Google Has Started Building Its Secret Alternative To Oculus Rift

A virtual reality experience to fight against Facebook

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With the virtual-reality headset battle currently taking over Silicon Valley, Google has upped its gaming and app development game with… um, an app. Called Google Views, the tech giants newest project will take you anywhere on earth (while you lie in bed or on your couch). Yep, so if those 3D tours of space aren’t quite doing it for you, then Larry Page can transport you to some incredible sights a bit closer to home.

It uses “Trekker” cameras to massively improve the quality of street view, giving you life-like tours of places such as Brazil’s World Cup stadium (or the painted streets that surround it), the Taj Mahal and the river-roads of Venice. Or if you’d prefer to gaze at the world’s more scientific wonders, there’s also inside views of the large hadron collider at CERN and the Endeavor space shuttle at NASA. The company is aiming for a fully immersed experience, also working alongside other companies such as Amplifon (a hearing aids specialist) which adds short sound clips to Street View. Ok so its not the same as actually being there, but its a lot cheaper and easier, and still pretty damn good. It’s safe to say that their attempt to be the most compelling and mesmerizing virtual reality app outside of a video game will only continue to grow as time goes on, with Google already allowing users to share “photo spheres” through Views, as well as their interesting approach to a headset.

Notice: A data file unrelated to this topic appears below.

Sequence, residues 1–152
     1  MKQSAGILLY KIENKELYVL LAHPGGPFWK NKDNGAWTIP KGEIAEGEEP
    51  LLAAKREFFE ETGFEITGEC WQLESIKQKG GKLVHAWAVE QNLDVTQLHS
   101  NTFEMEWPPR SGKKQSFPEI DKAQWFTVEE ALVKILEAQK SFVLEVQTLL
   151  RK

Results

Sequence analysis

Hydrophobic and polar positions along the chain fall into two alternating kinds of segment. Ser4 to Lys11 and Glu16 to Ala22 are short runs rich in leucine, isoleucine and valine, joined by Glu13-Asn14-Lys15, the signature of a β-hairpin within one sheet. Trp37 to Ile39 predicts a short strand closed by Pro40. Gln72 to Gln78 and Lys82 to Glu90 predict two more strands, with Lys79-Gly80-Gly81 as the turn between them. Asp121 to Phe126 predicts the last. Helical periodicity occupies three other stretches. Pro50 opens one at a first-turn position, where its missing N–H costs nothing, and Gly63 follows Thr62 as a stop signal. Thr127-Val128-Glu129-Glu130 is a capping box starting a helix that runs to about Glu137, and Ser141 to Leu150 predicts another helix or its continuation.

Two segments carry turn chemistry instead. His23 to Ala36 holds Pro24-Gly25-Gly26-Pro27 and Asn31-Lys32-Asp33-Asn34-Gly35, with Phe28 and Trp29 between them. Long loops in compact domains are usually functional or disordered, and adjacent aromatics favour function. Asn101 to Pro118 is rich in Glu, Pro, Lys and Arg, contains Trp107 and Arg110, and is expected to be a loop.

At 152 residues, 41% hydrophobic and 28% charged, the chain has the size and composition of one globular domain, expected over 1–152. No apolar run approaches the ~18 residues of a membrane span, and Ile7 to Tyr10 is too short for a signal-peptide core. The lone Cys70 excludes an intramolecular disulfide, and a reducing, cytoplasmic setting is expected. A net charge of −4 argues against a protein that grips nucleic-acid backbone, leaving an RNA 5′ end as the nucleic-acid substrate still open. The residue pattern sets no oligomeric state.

After it was announced that Facebook would acquire the Oculus Rift manufacturers for $2 billion, their tech rivals (and gaming experts) Microsoft and Sony quickly began building up their competition. Google on the other hand, took a different approach, releasing a hilariously brilliant alternative of the infamous Oculus Rift at their annual developer’s conference. It utilised the even-more-HD-than-HD screens that can be found in many current smartphones like the LG G3 into the display piece for its VR headset; the rest of which was made out of cardboard. But cardboard devices don’t necessarily signal defeat - in fact, they symbolise Google’s innovative ability to turn things we already have, into something amazing.